Steve Klabnik recently wrote about whether out parameters are idiomatic in Rust. The post
ends by showing a snippet of code: a generic function, with a non-generic function inside of
it which contains the actual implementation. Steve says this pattern may warrant its own post,
so here is that post, where I’ll explain why this inner function is useful, discuss the
trade-offs of doing it, and describe why this pattern will hopefully not be necessary in
Rust gets a lot of first impression posts. For people in the community, reading
those posts can often be frustrating, with factual errors leaving people concerned
that others will get the wrong impression. For people outside the community, they
may be unsure of how much said is true, or how to read these posts effectively. In
this post, I outline how I think about first impression posts, and why I recommend
reading them the same way.
Foreign Function Interfaces (FFI) are a core mechanism for enabling integration of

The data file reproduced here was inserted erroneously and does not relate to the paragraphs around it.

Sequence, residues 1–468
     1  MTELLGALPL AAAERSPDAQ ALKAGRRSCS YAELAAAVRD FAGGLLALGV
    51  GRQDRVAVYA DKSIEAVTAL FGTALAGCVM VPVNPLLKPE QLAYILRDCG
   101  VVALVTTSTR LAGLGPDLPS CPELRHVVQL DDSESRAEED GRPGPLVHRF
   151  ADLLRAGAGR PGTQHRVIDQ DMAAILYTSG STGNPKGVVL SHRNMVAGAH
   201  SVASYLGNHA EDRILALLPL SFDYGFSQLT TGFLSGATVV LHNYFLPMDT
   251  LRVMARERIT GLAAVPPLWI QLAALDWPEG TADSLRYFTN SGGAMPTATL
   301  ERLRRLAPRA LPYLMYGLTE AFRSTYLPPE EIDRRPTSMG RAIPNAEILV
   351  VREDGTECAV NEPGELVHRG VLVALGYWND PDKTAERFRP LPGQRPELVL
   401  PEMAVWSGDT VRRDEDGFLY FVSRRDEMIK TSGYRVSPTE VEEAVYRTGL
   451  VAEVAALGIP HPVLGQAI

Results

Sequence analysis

new languages into existing codebases or building on existing libraries. That said,
the term “FFI” is often overloaded in ways that may be unclear or ambiguous, and the
area can seem overwhelming to approach. In this post, I explain the two “directions”
of FFI, some patterns for how FFI in each direction is handled in Rust and further
break down some FFI design approaches.
Rust has two major mechanisms for delegating logic: enums and trait objects,
and it may be unclear when to use one or the other. In this post, I will
walk through how each works, what the tradeoffs are, and how to choose the
right option for your code.
The Rust compiler ships with a number of useful lints on by default,
and many use Clippy to provide additional lints. It’s less well known
that the Rust compiler ships with some useful lints which are set to
allow by default, meaning they don’t generate warnings. In this post,
I’ll explain what each of these lints does, and why it might be useful.